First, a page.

Life has neither material nor idealistic secrecy or mystery about it. Life is equal to itself only, hence perceiving its meaning is out of the question... The exaggeration of our mental abilities has given rise to what we perceive as “the problem” of discerning life’s purpose... If it is beyond our powers to disembowel love and beauty - we can only ravish them - it means that they are given to us not for cognition but for reflection. Similarly, the freedom of choice granted to man, a freedom denied the rest of the living species, is man’s task, a duty to exercise and fulfill, not merely an opportune option.
How many a knot of mystery and misunderstanding would be untied by one word spoken in simple and confiding truth of heart! How many a solitary place would be made glad if love were there, and how many a dark dwelling would be filled with light!
The Indians were religious from the first moments of life. From the moment of the mother’s recognition that she had conceived to the end of the child’s second year of life, which was the ordinary duration of lactation, it was supposed by us that the mother’s spiritual influence was supremely important. Her attitude and secret meditations must be such to instill into the receptive soul of the unborn child the love of the Great Mystery and a sense of connectedness with all creation. Silence and isolation are the rule of life for the expectant mother... Silence, love, reverence - this is the trinity of first lessons, and to these she later adds generosity, courage and chastity.
Where secrecy or mystery begins, vice or roguery is not far off.
Life cannot be controlled. It is a mystery inviting us to participate, to risk, to trust fate, to accept the blank rune stone, the unknown. Surrender teaches us not so much to understand as to inhabit the mystery... Once we can accept the larger mystery of Life, we can consciously create within it.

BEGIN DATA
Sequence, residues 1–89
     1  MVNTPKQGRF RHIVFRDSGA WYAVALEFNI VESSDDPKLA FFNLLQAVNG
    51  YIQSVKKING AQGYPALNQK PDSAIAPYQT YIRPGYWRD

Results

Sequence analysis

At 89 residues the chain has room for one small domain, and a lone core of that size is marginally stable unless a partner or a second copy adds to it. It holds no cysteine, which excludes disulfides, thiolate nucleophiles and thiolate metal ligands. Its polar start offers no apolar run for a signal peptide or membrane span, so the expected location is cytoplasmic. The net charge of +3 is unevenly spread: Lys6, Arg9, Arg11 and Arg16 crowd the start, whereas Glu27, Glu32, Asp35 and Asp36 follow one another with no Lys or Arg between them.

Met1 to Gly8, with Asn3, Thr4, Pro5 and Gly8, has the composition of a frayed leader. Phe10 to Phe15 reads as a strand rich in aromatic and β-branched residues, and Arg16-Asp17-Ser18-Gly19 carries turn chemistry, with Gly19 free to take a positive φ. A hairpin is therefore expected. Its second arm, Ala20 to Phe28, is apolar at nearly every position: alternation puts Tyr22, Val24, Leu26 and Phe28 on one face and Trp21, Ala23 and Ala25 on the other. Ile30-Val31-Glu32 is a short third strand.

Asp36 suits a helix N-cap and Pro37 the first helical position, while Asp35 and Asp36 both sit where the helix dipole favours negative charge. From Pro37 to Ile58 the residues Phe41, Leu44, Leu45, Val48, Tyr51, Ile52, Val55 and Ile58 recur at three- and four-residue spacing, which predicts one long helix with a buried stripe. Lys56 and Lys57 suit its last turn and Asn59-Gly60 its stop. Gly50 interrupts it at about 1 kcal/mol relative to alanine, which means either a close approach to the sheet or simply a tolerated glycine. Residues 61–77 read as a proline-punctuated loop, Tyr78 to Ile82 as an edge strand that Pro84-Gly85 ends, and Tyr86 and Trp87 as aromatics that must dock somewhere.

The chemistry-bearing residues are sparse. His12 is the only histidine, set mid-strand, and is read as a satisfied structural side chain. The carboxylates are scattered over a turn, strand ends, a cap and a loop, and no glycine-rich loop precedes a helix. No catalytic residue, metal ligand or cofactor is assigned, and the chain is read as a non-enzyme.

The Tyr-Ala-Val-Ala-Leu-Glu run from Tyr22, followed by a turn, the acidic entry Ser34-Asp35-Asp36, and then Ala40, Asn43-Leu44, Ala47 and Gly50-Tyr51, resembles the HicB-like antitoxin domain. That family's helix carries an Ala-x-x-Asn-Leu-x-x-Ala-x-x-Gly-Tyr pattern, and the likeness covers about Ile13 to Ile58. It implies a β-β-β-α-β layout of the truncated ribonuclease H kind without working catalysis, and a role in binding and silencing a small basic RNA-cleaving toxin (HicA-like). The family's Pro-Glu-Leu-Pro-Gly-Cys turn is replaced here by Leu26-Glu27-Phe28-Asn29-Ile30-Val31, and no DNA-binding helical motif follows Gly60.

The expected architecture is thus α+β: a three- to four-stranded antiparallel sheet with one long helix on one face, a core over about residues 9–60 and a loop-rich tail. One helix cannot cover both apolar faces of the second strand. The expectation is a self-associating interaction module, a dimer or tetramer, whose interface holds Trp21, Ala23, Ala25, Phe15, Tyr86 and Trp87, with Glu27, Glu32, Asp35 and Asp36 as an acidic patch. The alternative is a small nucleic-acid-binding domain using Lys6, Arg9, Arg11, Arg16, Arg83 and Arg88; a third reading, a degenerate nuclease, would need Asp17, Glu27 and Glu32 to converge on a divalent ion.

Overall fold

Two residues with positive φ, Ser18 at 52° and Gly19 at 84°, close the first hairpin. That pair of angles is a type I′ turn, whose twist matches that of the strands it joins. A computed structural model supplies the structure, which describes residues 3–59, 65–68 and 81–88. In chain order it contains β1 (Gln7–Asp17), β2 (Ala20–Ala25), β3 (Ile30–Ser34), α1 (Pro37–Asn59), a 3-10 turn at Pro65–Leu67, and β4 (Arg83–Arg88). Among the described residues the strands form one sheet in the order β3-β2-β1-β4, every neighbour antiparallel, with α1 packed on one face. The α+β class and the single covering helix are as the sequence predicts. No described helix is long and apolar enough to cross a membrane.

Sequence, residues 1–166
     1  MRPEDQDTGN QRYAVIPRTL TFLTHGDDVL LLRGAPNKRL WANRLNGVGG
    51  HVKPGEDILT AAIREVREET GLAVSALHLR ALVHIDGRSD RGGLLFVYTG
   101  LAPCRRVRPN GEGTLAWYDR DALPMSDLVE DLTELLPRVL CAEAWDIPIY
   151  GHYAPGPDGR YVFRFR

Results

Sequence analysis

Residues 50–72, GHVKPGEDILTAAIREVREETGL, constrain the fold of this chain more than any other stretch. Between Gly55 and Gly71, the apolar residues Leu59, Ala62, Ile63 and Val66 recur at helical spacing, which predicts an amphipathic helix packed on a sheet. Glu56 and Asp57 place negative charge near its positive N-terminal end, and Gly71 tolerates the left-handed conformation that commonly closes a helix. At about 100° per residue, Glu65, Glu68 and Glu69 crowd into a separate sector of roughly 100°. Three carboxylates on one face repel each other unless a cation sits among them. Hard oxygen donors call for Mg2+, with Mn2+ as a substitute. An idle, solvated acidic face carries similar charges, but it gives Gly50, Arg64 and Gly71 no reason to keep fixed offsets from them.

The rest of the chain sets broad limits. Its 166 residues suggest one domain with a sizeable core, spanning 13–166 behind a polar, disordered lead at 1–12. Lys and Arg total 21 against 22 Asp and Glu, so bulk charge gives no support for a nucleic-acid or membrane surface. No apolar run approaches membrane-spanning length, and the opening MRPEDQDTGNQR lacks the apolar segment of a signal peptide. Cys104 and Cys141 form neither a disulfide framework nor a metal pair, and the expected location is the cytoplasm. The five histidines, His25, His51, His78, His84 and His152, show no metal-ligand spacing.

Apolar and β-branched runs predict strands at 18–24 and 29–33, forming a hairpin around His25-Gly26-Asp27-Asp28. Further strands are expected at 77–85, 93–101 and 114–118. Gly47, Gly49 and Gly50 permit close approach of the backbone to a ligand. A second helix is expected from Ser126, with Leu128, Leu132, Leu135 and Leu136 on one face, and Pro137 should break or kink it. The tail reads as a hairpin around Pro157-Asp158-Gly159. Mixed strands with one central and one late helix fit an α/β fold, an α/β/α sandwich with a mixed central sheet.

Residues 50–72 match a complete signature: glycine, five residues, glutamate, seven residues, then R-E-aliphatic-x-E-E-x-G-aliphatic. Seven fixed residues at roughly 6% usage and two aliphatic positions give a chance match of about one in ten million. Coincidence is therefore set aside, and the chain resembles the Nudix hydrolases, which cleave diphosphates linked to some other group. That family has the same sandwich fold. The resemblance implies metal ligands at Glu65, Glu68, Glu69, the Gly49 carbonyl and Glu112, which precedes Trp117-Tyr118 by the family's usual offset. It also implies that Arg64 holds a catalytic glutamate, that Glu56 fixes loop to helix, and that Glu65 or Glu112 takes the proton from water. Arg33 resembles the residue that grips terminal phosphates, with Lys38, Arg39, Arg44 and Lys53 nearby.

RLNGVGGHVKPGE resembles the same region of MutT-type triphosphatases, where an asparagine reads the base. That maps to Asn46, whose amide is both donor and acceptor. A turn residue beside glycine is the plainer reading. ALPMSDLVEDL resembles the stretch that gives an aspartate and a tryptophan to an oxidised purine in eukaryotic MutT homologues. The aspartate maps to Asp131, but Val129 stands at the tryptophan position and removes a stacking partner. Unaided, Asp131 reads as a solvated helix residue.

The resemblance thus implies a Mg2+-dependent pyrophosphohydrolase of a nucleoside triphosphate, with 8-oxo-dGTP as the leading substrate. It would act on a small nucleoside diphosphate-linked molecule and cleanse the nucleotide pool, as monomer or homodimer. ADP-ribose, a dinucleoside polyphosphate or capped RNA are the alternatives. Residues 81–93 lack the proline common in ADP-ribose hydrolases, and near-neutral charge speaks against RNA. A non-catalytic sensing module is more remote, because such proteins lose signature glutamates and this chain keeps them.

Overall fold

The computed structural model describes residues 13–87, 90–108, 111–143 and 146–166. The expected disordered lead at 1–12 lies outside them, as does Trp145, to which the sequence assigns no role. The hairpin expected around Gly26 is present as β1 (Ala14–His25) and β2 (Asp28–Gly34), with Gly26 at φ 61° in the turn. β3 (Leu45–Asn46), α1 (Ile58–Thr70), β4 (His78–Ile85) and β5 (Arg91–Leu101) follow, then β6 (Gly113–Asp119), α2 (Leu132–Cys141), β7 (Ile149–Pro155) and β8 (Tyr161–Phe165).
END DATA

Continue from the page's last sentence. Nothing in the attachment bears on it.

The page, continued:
Real security... is to be found in its benevolent morality, in its exquisite adaption to the human heart, in the facility with which its scheme accommodates itself to the capacity of every human intellect, in the consolation which it bears to every house of mourning, in the light with which it brightens the great mystery of the grave.
Religion without mystery ceases to be religion.
Love’s overbrimming mystery joins death and life. It has filled my cup of pain with joy.
We know nothing important. In the essentials we are still as wholly a mystery to ourselves as Adam was to himself.
I encounter death not so much as a problem to be solved, nor a puzzle to be pieced together, but as a mystery to be experienced. Death, whatever its meaning and real nature, seems always to elude us. It is, always and finally, a mystery. And mystery refuses to be captured and be used. We do not capture it, but are captured by it. And being captured, we can be 'engaged' to death and allow it to reveal its depth and richness.